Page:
The Angler, Cast in Wood

“Walt Franklin on the Stream” is a wood carving that Leighanne gave me as a Christmas present several years ago. This example of “Pennsylvania folk art” was produced by David Castano, a full-time wood carver from Coudersport, PA.

Potter County traffic jam

Potter County traffic jam

Castano’s approach to working with a knife is not so much to carve a work of art as it is to represent an individual in the context of family and work traditions. According to Castano, his wooden figures are intended to reflect the value and diversity of workers in America. He was once commissioned to carve the figures of nine surviving mine workers rescued in 2002 from the Que Creek coal disaster in southwestern Pennsylvania.

Since fly-fishing isn’t usually thought to be a part of America’s work traditions, I guess I was lucky to be considered a suitable subject for the carver’s time. But wait a minute, isn’t the experience of having fun occasionally an example of work, as well? Take today, for instance.

Winter had been here for a while, but on Winter Solstice, the astronomical start of the season, rain was on tap for the region, and the temperature was rising quickly. The thermometer hadn’t registered above the freezing mark in more than two weeks. Naturally I wanted to fly fish, if the signs were good, so I packed a couple of rods for my drive to the Kettle Creek Tackle Shop. The plan was to fish, if possible, and to drop off a rod I’d broken about a month ago.DSCN2835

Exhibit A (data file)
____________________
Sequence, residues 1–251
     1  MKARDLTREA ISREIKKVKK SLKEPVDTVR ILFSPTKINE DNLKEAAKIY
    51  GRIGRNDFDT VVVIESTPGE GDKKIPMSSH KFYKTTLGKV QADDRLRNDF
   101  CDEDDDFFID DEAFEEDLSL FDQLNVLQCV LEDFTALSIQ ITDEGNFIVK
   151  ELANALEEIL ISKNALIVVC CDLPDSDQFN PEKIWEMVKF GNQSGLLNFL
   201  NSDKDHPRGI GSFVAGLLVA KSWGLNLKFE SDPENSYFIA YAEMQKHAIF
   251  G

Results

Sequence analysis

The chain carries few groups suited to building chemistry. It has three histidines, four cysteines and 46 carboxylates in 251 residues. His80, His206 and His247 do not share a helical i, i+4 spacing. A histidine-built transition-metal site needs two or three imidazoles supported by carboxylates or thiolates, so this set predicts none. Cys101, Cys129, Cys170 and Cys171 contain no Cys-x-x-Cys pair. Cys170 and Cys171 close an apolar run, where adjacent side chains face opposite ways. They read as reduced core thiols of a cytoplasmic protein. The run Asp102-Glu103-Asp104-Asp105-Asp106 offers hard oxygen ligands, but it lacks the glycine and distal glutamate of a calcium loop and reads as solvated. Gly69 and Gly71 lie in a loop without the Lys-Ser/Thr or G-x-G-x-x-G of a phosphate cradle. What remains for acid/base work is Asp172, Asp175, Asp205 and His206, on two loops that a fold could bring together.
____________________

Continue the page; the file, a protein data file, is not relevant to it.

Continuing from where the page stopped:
Phil Balduccino’s shop near Hammersley Fork is one of my favorite fly and tackle centers. Phil was quick to show me the latest fly rods that he’s built. I stood there in the narrow aisles of the shop as he handed me one rod after another and expertly provided statistics on each instrument. In the dim glow of the quiet shop, I was like a kid aboard the Polar Express that rode beneath the Northern Lights, except that I was ogling an immense array of cane and fiberglass toys.